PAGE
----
How much Super Bowl ring was auctioned for

506877.jpg

How much Super Bowl ring was auctioned for

From Comcast SportsNet Friday, August 5, 2011

A Super Bowl ring belonging to Green Bay Packers great Fred "Fuzzy" Thurston sold for 50,788 at an auction in Rosemont, Ill. on Thursday night. The sale was ordered by the U. S. government, which says Thurston owes about 1.7 million in back taxes. Heritage Auctions said the buyer wishes to remain anonymous. It is not clear what the buyer intends to do with the ring. The ring originally was expected to sell for about 20,000. "A price realized like this, and with such spirited bidding, just shows how beloved Fuzzy Thurston still is," said Chris Ivy, director of vintage sports memorabilia at Heritage Auctions. "While the circumstances surrounding the auction of this ring are sad ones, we all hope that it works out for Fuzzy and that somehow the ring can make it back to him." After news of Thurston's tax troubles were made public earlier this year, some Packers fans expressed hope that somebody would buy the ring and give it back to Thurston. Thurston, 77, was an offensive lineman for the Packers during the team's glory years under coach Vince Lombardi. The tax fight stems from Thurston's post-Packers days, when he and his business partners opened a chain of restaurants. According to a federal complaint, Thurston and the others withheld federal income taxes from employee salaries but failed to turn all the money over to the Internal Revenue Service. After a court fight, Thurston was ordered to pay about 190,000 in 1984. With interest, the debt now stands at just over 1.7 million, according to court documents.

Celtics miss an opportunity in first half with LeBron in foul trouble

Celtics miss an opportunity in first half with LeBron in foul trouble

CLEVELAND – There are 240 minutes of play in an NBA game, but Boston’s 112-99 Game 4 loss to Cleveland came down to seven (six minutes and 46 seconds to be precise).

That would be the amount of time left in the second quarter that LeBron James spent on the bench with four personal fouls (a first for him in the first half of an NBA playoff game ever) and Boston ahead by 10 points.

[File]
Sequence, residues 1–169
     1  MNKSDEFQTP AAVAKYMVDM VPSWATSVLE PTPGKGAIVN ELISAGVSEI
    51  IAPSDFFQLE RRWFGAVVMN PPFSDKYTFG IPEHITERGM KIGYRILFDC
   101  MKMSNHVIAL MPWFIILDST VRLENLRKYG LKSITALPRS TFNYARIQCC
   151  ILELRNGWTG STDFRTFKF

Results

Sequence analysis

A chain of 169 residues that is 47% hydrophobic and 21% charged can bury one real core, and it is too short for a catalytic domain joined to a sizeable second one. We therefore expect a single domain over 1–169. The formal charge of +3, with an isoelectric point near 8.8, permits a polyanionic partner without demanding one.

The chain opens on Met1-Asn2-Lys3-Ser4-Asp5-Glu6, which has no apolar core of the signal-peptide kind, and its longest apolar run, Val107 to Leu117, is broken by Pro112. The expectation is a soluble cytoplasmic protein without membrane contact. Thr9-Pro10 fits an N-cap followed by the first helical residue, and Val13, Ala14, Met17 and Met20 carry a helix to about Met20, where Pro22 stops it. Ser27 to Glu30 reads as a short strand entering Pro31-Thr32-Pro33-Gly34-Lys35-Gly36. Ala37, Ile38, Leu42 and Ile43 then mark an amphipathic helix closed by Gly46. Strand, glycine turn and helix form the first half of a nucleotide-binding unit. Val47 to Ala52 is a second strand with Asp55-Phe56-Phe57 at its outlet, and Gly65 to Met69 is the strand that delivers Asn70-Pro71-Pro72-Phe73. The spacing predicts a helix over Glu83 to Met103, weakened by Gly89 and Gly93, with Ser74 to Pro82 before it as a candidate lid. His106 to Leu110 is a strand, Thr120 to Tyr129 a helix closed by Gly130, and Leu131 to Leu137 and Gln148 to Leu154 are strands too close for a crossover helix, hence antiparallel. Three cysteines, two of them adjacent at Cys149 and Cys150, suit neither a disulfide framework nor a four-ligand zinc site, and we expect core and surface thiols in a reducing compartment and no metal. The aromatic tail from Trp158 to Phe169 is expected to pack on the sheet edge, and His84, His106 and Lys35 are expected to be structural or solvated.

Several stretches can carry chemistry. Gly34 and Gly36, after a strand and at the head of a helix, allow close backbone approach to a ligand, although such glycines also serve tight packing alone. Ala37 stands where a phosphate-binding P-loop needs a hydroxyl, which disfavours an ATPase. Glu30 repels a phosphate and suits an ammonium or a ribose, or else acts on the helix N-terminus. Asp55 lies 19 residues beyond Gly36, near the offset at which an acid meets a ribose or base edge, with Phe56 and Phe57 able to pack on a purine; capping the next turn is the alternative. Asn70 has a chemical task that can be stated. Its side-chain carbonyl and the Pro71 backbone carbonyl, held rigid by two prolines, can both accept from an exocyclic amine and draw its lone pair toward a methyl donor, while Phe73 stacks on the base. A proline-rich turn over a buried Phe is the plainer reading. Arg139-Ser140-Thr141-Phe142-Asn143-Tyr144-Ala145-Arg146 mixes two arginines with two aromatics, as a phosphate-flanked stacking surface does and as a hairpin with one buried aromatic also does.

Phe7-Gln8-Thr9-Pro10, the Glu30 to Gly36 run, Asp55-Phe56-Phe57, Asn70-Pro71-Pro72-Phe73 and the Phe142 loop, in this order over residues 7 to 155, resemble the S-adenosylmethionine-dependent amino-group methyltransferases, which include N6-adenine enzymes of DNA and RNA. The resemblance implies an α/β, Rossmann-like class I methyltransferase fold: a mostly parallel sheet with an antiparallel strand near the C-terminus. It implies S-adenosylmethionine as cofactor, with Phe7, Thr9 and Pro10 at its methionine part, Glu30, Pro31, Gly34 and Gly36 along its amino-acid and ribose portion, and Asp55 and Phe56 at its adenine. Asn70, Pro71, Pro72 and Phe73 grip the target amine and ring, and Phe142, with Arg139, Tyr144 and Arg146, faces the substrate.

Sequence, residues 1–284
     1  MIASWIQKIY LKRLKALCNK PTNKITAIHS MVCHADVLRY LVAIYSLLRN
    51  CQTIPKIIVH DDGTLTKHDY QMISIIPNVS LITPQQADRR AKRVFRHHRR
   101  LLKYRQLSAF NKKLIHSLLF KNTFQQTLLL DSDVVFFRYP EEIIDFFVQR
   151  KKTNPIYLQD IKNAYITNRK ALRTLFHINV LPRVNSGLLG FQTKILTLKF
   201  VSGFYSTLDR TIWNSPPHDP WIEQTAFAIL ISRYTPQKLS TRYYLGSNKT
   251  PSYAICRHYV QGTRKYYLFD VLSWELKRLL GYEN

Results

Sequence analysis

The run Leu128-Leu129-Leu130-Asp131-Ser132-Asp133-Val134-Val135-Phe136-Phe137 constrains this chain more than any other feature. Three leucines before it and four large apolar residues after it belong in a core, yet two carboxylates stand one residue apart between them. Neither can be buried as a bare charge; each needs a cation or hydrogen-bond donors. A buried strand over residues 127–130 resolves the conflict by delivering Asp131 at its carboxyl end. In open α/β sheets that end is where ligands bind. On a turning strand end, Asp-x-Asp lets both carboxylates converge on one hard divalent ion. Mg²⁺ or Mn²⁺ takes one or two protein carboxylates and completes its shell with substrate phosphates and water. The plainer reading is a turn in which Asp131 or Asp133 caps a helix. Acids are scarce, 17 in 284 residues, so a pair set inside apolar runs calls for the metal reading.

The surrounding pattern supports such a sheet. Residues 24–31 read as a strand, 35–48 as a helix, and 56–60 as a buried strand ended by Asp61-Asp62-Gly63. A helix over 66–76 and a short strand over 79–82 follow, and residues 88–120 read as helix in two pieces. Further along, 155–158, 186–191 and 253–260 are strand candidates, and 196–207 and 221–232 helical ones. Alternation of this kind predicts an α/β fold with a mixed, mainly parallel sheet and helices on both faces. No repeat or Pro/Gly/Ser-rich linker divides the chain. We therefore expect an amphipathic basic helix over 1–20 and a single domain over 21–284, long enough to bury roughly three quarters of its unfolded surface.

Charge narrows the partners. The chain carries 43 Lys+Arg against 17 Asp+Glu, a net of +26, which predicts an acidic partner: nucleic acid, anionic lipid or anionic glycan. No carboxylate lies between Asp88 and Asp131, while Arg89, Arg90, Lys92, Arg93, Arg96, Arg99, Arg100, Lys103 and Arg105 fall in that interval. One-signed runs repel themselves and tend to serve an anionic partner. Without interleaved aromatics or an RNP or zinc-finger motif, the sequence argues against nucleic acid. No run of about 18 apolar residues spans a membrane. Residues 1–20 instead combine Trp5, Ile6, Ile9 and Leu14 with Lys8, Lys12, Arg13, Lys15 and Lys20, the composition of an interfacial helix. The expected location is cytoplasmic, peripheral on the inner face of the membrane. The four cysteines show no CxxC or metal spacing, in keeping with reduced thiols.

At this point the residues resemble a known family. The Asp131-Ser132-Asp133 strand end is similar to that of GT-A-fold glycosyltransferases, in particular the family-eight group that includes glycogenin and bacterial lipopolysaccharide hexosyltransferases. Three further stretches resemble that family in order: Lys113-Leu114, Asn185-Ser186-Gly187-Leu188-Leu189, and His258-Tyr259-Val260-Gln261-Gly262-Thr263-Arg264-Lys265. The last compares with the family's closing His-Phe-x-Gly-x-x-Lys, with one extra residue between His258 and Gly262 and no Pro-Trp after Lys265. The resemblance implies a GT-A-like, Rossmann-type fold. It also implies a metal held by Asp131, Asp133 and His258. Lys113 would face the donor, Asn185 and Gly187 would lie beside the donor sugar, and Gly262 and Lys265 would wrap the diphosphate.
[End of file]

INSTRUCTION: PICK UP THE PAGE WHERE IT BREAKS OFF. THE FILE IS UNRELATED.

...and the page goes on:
Boston could not have asked for a better scenario than that, especially considering how well they had played up to that point in the game and again, knowing that James wasn’t about to set foot back on the court until the third quarter.

But here’s the problem.

Boston’s 10-point lead when James left with four fouls.

Halftime rolled around and Boston’s lead was still at just 10 points.

Celtics players agreed that not finding a way to increase their lead with James out was among the more pivotal stretches of play in Game 4.

“They did a really good job of not letting it (the 10-point lead) get out of control while he was on the bench,” Boston’s Marcus Smart told CSNNE.com. “Every time we scored, they came back and scored.  They answered back with everything we answered.”

While many will point to that stretch as a time when the Celtics failed to make the necessary adjustments to increase their chances of winning, it wasn’t as if the Cavs are a one-man team.

“They still have two All-Stars out on the court,” said Boston’s head coach Brad Stevens, referring to Kyrie Irving and Kevin Love. “With the best player in the world they go to unreal, but they’re still a pretty darned good team when those guys are out there.”

Irving had a playoff career-high 42 points which included him scoring 12 of Cleveland’s 14 points in the final 6:46 of the second with James on the bench.

“He’s one of the best point guards in the NBA, and you know, you can tell he puts in a lot of work in his game, a lot of respect from myself, my teammates,” said Avery Bradley. “We have to do a better job at defending him as a unit, trying to make everything hard on him. He definitely got a great rhythm going tonight, and I felt like we had a chance to make it harder on him.”

James still finished with a strong stat line for the night – 34 points, six assists, five rebounds and a blocked shot.

As good as he was on the court, the Celtics have to be kicking themselves for not doing more with the time James on the bench in the second quarter which in hindsight, was among the bigger factors in them now returning home facing elimination as opposed to being tied at two games apiece in this series.

“What are you going to do?” said Cleveland’s Kevin Love. “You have to continue to fight through it. At halftime, we were down 10. We made some adjustments on the defensive end and we just fought; we needed to. They got everything out of us tonight in that second half, but we played more inspired basketball as well.”